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2014 Rules and Regulations

EVENT COUNTDOWN

ALBERT PARK

12-15 MARCH 2015

2014 Formula1 V6 Engine

All Change In F1

The new season will bring the most sweeping changes to the F1 rule book in decades. A quarter of a century after we bade farewell to turbo-charging, it's back. The main innovations for 2014 are set out below.

Engines

Dedicated followers of fashion, F1 folk are now using the term 'powertrain' or 'power unit' to describe the new cars rather than sticking to the old-fashioned term 'engines'.

That's because we must now see the engine, turbo-charging system and Energy Recovery Systems (ERS) as one homogenous unit which provides the motive power for the 2014 F1 car.

Leaving behind outmoded V8 days and coming into line with carmakers' everyday production models, the new engines in themselves are 1.6-litre V6 units.

There the similarity ends: your road car would be lucky to push out more than 200 bhp and rev to around 7000; the new F1 engines will produce a basic 600+ brake horsepower at 15,000 rpm, which is then augmented by turbo-charging and energy recovery. The 'powertrain' is the spine of the car, the central system that governs the rest.

Power

The combined effect of these 'hybrid' units will be to produce around 760 bhp. An advance on the previous KERS, the recovery systems will make a boost of around 160 bhp available for much longer in the course of a lap – up to 33 seconds' worth.

The minimum weight of each engine is 145 kilograms.

Fuel

Intent on displaying F1's green credentials, the rule-makers have decreed that each car will be allowed only 100 kilos of fuel per Grand Prix. That is, in effect, a reduction of over 30% on last season.

100 kilos is around 130 litres; that means the new F1 engines will sip around 0.37L per racing kilometer, as compared to a medium road car's consumption of around 7L/100km.

The challenge to the engine-makers is to extract maximum efficiency (in combustion and in power output) from resources which must seem minimal in comparison to previous years.

While emissions will be reduced, they will also be channelled out of the engine via a single exhaust pipe, upward-facing and at the rear so that the recent clever use of exhaust gases to assist with downforce is negated.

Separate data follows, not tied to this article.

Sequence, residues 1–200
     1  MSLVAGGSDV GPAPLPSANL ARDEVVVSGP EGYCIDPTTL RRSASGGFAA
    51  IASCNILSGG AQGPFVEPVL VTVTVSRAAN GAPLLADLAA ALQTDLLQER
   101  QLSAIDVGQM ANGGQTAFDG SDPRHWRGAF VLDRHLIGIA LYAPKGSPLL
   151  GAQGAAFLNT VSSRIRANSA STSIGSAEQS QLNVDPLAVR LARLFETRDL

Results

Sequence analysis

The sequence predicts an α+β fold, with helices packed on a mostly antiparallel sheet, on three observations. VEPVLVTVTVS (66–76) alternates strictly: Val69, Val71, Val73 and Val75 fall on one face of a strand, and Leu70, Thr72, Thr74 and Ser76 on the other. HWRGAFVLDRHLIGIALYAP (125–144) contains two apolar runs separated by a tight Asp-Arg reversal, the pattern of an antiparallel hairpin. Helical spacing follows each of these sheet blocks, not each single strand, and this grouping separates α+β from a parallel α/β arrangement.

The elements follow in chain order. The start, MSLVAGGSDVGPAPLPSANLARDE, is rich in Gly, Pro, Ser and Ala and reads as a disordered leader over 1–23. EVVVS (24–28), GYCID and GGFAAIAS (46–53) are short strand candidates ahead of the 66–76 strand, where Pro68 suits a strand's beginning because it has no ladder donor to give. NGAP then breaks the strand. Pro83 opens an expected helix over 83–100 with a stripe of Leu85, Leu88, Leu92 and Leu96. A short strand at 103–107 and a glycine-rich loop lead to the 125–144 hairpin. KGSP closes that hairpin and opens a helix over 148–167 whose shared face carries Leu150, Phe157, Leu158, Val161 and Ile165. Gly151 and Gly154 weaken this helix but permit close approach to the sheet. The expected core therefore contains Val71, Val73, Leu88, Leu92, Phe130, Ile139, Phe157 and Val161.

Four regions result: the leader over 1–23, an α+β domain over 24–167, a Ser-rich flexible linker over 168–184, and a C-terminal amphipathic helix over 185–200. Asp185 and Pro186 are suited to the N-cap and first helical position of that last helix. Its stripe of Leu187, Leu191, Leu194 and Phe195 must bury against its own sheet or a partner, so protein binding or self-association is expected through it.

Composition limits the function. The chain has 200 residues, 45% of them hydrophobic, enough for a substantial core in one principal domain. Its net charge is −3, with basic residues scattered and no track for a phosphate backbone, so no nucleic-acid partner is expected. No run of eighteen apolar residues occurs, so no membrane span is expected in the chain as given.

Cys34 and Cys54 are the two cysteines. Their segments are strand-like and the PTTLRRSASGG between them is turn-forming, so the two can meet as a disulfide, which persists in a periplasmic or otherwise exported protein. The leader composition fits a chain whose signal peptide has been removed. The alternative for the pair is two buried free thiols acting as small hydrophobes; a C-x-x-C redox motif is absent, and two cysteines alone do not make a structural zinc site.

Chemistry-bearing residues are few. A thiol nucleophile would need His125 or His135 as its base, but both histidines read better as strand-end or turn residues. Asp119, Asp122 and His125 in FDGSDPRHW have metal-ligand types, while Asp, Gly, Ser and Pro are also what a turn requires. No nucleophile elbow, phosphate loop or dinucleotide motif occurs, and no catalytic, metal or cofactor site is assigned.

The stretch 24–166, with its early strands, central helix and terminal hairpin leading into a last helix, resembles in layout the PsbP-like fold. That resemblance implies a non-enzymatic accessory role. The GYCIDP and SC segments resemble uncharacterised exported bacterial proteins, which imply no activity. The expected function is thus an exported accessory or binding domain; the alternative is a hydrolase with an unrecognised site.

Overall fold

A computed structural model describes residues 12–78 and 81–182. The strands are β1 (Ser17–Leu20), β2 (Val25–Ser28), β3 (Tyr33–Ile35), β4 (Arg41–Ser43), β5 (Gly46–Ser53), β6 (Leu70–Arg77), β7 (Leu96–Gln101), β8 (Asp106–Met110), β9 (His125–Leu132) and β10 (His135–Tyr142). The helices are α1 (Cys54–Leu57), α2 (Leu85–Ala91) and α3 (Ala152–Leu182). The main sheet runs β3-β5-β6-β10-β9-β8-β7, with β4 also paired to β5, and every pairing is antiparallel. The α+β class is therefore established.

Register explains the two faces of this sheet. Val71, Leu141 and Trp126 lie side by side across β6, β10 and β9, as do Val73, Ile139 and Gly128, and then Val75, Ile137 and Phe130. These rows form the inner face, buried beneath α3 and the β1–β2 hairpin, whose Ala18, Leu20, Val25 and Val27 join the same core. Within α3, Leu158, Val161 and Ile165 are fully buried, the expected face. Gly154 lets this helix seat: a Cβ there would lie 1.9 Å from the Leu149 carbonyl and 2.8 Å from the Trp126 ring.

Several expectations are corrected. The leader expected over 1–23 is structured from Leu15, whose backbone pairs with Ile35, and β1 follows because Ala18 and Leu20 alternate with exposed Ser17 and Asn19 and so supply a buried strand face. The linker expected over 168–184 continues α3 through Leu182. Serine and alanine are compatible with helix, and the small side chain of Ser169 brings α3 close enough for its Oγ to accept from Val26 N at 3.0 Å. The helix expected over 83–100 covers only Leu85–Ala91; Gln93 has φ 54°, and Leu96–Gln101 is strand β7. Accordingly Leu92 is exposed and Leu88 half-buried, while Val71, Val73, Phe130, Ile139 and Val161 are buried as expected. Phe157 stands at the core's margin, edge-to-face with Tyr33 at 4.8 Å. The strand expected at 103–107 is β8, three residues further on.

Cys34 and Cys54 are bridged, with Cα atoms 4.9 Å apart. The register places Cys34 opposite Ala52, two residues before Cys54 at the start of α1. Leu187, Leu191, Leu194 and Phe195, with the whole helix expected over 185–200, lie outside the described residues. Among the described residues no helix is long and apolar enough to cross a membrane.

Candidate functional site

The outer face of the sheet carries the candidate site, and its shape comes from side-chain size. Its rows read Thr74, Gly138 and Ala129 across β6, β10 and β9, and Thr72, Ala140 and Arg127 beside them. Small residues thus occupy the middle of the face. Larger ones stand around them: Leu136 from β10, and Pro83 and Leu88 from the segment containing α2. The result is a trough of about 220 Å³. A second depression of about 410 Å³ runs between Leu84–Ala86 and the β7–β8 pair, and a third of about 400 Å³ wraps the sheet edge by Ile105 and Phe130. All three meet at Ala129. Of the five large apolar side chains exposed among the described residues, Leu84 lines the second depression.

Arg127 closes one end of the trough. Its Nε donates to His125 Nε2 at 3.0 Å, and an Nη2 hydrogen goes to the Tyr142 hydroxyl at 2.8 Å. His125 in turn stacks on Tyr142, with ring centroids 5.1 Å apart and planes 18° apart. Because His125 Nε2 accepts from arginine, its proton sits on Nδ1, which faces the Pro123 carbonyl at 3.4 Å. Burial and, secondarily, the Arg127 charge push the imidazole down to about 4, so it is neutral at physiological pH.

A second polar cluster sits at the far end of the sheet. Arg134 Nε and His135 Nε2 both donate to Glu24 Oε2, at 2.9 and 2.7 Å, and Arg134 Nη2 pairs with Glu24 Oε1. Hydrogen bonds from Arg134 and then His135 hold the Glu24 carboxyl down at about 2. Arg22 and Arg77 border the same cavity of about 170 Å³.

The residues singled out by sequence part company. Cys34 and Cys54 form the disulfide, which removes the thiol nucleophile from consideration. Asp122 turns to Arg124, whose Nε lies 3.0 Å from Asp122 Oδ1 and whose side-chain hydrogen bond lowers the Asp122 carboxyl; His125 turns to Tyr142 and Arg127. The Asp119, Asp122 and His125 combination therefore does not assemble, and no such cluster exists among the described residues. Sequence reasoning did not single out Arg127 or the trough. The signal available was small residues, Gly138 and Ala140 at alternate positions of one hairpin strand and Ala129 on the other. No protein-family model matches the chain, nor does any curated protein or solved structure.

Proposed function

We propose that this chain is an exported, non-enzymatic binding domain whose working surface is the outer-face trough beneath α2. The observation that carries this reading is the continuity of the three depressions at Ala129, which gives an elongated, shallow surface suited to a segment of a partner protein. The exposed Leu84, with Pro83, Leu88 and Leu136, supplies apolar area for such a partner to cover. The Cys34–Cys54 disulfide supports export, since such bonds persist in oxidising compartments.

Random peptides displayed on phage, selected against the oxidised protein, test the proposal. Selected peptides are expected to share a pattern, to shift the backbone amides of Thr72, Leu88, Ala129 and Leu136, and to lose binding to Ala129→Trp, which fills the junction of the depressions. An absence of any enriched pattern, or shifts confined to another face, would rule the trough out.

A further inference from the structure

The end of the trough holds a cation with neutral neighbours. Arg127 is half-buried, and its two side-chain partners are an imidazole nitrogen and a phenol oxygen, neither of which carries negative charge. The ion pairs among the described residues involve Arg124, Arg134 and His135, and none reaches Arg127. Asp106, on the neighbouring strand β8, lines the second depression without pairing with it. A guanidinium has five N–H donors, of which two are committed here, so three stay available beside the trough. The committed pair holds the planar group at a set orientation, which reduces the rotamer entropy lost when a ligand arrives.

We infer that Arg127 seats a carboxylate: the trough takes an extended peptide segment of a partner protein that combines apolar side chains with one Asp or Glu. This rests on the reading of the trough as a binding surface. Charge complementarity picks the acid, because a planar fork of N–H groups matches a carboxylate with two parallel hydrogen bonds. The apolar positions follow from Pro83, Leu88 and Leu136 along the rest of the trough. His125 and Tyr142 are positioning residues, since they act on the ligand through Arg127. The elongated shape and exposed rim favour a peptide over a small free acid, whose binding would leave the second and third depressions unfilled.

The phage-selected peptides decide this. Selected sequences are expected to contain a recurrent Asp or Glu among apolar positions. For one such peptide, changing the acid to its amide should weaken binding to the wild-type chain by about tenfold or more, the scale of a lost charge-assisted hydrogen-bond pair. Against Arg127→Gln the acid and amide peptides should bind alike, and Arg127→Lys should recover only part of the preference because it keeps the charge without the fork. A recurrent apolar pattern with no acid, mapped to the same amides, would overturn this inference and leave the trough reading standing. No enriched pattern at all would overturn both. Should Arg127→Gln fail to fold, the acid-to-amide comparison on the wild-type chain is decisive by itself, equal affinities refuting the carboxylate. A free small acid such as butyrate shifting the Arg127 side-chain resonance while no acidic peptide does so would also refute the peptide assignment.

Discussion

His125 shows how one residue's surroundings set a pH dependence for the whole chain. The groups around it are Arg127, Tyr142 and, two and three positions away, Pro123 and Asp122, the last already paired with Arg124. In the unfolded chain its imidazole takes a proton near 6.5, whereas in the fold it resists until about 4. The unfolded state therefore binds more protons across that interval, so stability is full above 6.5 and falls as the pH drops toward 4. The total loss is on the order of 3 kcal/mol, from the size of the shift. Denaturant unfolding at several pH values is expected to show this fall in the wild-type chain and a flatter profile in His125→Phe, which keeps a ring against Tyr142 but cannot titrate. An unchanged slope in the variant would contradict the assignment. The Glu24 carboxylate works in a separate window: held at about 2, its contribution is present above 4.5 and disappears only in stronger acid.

Chassis

Some F1 purists will be pleased to note that the 'ugly duckling' stepped noses of the last couple of years are likely to disappear under new regulations governing body height.

The aim here is to reduce the likelihood of damaging intrusion in the event of side-on impact, but there are still those who believe this will lead to a new generation of down-turned noses without much aesthetic improvement.

Nose height is reduced to 185mm, while the front wings will also be narrower at 1650mm instead of 1800.

Minimum weight of the new F1 car is 690 kilos.

Engine and Gearbox Life

The number of engines per driver is now restricted to five per season. Each driver may also use only one gearbox for six consecutive events. Failure to meet either condition will result in a grid penalty.

Driver Discipline

Stewards will enforce the existing rules in relation to on-track behaviour and penalties. As with drivers on the road, a system of 'penalty points' will be used: any driver accumulating 12 points will incur a one-race suspension.

World Championship Points

If ratified, a dramatic new rule will see double points awarded at the final race of the season, which in 2014 will be the Abu Dhabi Grand Prix on November 23.

This measure is designed to maintain interest in the outcome of the World Championship right up until the final round of the season.

Driver Numbers

The current system by which teams adopt the numbers 1-23 based on their overall placing in the previous year's Constructors' Championship is to be scrapped. (A long-held superstition prevents the use of #13).

The new system will see the symbolic #1 reserved, as it now is, for the reigning World Champion.

After that the remaining drivers will be invited to choose their preferred number, between 2 and 99. If two or more opt for the same number it will be given to the man who finished highest among them the previous season.

Testing

Testing is back – not only in the guise of a special, one-off pre-Christmas three-day test in Bahrain to help sole tyre supplier Pirelli match its product to the new performance levels, but also as a general rule.

Teams will be free to arrange two 'promotional' events provided the distance covered in each is 100 kilometres at most.

There will be three team tests between January 20, 2014 and a date 10 days before the opening round in Australia. These will be of four days' duration.

Then four tests, each of two days, will be allowed from 10 days before Round 1 to December 31 2014. These will take place on circuits where an event in the Formula 1 World Championship has just taken place.

Each team will be allowed to use only one car per day; the annual total testing distance is 15,000 kilometres per team.

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